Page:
“New securities are created in the economy each time some amount of purchasing power is transferred to others, rather than consuming it. Once issued, all of these pieces of paper can vary in price later, so the saving that someone did in a prior period, embodied in the form of some paper security, may be worth more or less consumption in the current period than it was initially. That’s really the main effect QE has - to encourage yield-seeking speculation that drives up the prices of risky securities, but without having any material effect on the real economy or the underlying cash flows that those securities will deliver over time.

      


  • John Hussman Acquires Stake in Nike

    John Hussman (Trades, Portfolio) purchased a 100,000-share stake in Nike Inc. (NYSE:NKE) during the first quarter.


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  • John Hussman: Brexit and the Bubble in Search of a Pin

    First things first. While the full attention of financial market participants is focused on “Brexit” – last week’s British referendum to exit the European Union – the singular factor to recognize here is that the vulnerability of the financial markets to steep losses has very little to do with Brexit per se. Rather, years of yield-seeking speculation, encouraged by central banks, had already brought the financial markets to a precipice prior to last week’s vote.


    It’s not entirely clear whether Brexit is a sufficient catalyst to burst the bubble, as we recall that the failure of Bear Stearns in early 2008 was followed by a period of calm before the crisis, and numerous dot-com stocks had already been obliterated by September 2000 when the tech bubble began its collapse in earnest. We’ll take the evidence as it comes, but we’re certainly defensive at present for reasons that have little to do with Brexit at all.

      


  • John Hussman: Imagine

    Imagine the collapse of an extended speculative tech bubble, resulting in a broad economic recession. Imagine if the Federal Reserve had persistently slashed short-term interest rates during the downturn, to no avail, leaving rates at just 1% by the time the Standard & Poor's 500 had lost half of its value and the Nasdaq 100 collapsed by 83%. Imagine that the Fed kept rates suppressed, in the initially well-meaning hope of encouraging lending, growth and employment. Imagine that the depressed level of interest rates made investors feel starved for yield and drove them to look for safe alternatives to Treasury bills.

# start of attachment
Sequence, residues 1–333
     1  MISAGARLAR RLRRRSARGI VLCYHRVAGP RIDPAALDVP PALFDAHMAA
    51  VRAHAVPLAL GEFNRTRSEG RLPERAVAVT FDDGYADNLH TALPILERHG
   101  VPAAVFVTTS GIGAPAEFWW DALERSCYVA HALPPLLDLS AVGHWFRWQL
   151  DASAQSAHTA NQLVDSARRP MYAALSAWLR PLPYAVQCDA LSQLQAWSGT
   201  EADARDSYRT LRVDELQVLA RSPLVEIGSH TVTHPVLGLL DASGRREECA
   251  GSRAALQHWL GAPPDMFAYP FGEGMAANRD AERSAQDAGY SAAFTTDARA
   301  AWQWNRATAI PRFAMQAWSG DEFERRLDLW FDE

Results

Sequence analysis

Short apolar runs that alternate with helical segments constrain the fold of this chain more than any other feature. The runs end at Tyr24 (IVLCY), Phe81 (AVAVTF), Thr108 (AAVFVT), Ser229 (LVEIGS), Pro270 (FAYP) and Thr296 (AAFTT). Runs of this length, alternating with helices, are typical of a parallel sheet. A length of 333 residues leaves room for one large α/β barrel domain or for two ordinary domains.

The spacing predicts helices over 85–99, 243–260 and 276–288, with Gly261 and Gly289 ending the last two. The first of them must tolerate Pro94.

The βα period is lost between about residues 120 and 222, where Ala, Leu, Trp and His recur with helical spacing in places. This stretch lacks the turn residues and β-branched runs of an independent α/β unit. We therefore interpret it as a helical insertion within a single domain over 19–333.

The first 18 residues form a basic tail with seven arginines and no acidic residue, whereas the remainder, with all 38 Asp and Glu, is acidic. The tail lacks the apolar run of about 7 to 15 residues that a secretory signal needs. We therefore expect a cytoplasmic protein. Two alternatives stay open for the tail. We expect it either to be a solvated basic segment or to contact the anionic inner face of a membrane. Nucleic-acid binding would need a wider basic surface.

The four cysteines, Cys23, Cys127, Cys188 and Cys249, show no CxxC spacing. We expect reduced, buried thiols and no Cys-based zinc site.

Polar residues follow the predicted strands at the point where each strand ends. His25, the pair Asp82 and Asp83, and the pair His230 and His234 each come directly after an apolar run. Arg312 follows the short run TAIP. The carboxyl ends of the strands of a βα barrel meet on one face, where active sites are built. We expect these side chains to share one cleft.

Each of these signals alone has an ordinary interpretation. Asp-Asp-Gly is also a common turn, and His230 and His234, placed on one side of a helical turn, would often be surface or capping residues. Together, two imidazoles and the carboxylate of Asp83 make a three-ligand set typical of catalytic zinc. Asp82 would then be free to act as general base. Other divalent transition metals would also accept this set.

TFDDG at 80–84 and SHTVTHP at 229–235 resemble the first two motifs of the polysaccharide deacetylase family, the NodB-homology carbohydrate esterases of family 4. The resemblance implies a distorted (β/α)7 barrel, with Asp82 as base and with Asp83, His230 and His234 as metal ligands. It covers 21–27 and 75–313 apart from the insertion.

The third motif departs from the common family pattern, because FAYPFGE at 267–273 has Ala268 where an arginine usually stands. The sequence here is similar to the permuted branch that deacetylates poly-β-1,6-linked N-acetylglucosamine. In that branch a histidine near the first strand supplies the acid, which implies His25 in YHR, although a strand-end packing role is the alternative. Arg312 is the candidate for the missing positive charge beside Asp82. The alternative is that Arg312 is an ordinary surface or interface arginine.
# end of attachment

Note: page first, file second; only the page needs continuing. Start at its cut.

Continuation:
Imagine that investors found the higher yields they sought in mortgage securities, which had historically always been safe, and that Fed policy inadvertently created voracious demand for more of that debt. Imagine Wall Street had weak enough requirements on capital and underwriting standards that financial institutions had an incentive to create more “product” by lending to borrowers with lower and lower creditworthiness. Imagine that by the magic of “financial engineering” and lax oversight of credit ratings, Wall Street could pass these mortgages off to investors either directly by bundling, slicing and dicing them into mortgage-backed securities or by piggy-backing on the good faith and credit of the government by transferring them to Fannie Mae (FNMA) and Freddie Mac (FMCC) in return for funds obtained from investors in these “agency” securities.